Executives in the fledgling commercial U.S. space industry are bracing for increased scrutiny and oversight after two accidents last week, including one that killed a pilot, but say they view the mishaps as temporary setbacks that will not halt launches. Mark Sirangelo, who leads Sierra Nevada Corp.'s space division, told industry executives he expected the industry to learn from the accidents and urged a measured response by lawmakers.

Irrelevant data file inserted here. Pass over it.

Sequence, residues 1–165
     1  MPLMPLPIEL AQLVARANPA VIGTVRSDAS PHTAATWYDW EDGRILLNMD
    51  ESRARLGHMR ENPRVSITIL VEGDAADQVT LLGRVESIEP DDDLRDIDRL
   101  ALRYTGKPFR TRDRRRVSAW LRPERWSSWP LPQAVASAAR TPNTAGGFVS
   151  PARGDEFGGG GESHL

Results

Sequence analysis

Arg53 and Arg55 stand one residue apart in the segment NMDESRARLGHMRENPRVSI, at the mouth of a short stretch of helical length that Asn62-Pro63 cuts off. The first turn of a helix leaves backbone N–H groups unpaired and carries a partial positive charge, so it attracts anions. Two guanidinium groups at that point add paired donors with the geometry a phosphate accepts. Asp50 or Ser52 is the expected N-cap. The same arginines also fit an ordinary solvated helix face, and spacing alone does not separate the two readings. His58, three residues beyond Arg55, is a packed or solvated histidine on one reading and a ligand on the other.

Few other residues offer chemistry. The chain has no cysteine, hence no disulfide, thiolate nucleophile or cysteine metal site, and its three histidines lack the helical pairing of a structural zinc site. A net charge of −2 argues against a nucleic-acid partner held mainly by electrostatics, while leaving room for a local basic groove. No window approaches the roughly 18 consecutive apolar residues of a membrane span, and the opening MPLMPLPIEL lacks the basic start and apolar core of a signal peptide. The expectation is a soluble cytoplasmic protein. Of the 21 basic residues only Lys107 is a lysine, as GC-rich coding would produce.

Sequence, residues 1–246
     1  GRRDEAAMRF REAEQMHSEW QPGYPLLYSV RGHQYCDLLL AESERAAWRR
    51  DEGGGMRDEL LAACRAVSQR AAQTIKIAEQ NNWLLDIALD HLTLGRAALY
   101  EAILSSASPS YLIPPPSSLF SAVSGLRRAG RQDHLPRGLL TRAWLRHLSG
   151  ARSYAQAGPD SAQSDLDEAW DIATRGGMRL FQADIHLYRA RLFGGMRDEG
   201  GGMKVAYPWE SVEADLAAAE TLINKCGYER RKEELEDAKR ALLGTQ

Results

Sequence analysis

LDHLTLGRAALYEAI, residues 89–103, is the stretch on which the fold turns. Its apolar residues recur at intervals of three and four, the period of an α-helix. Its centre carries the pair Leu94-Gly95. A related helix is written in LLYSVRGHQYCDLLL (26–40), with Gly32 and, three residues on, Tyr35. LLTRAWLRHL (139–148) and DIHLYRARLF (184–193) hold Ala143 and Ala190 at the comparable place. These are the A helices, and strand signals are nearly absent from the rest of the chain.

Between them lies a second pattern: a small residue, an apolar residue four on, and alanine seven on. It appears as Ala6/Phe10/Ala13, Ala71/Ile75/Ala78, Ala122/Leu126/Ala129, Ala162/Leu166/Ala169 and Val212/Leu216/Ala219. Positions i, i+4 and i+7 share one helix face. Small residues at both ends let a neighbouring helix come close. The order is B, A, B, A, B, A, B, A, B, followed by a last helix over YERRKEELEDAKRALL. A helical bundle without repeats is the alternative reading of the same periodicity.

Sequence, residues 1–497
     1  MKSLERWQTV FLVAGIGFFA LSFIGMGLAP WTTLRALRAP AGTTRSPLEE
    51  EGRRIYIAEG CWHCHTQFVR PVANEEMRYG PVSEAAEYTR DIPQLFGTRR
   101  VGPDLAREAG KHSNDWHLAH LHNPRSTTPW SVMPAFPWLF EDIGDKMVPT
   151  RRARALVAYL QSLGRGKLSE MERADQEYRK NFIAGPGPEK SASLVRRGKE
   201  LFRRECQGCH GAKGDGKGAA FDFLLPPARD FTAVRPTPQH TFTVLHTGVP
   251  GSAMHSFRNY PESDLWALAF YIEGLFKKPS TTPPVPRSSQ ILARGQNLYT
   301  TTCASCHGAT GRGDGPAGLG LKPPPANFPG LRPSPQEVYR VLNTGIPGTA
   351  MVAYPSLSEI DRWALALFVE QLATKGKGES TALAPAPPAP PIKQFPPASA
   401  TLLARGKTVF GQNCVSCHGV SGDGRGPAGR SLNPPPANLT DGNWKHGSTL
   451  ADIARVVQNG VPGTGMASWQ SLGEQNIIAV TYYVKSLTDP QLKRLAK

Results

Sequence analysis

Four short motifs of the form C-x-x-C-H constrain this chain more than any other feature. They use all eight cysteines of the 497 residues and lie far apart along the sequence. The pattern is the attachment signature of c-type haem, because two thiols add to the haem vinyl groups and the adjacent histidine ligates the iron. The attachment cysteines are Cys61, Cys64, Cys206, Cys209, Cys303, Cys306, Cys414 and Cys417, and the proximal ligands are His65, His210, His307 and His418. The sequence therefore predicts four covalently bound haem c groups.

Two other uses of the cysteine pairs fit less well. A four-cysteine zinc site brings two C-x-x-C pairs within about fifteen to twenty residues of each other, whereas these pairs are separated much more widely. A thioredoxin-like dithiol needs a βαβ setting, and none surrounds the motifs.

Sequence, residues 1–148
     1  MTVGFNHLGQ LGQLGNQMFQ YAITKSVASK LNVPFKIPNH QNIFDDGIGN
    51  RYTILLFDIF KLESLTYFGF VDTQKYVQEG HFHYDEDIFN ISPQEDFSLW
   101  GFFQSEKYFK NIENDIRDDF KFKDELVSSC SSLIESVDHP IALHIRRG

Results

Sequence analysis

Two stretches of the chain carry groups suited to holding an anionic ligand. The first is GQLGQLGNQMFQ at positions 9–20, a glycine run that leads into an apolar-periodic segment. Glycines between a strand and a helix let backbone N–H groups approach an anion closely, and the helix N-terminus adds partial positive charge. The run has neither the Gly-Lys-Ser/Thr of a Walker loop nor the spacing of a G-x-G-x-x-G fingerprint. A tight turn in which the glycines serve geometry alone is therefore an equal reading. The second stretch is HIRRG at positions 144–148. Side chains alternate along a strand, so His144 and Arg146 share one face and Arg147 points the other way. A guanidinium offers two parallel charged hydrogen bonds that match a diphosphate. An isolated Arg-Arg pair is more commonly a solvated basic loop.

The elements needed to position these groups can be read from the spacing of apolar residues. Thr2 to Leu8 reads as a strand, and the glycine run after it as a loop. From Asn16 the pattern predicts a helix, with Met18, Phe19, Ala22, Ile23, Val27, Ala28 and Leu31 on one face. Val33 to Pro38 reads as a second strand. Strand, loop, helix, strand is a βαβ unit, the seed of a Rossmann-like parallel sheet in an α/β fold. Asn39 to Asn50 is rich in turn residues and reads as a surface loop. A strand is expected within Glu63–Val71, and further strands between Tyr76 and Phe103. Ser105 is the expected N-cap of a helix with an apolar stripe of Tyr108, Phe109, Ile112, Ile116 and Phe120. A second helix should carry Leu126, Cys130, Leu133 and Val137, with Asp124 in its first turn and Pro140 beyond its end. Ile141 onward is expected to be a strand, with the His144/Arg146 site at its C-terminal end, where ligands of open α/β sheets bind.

Sirangelo noted there have been 454 failures out of a total 5,332 launches since the 1950s, and failure rates have remained steady at 7 to 9 percent since the 1970s. "Launch failures and issues are part of what we do," Sirangelo said Thursday during an event hosted by the Washington Space Business Roundtable. "We're going to learn from it and get better." Last week's Antares rocket explosion and SpaceShipTwo breakup have raised questions about the commercial space industry, and will probably trigger congressional hearings, experts said. But they said budget pressures left NASA little choice but to proceed with commercial approaches to ferrying cargo and crew to the International Space Station.
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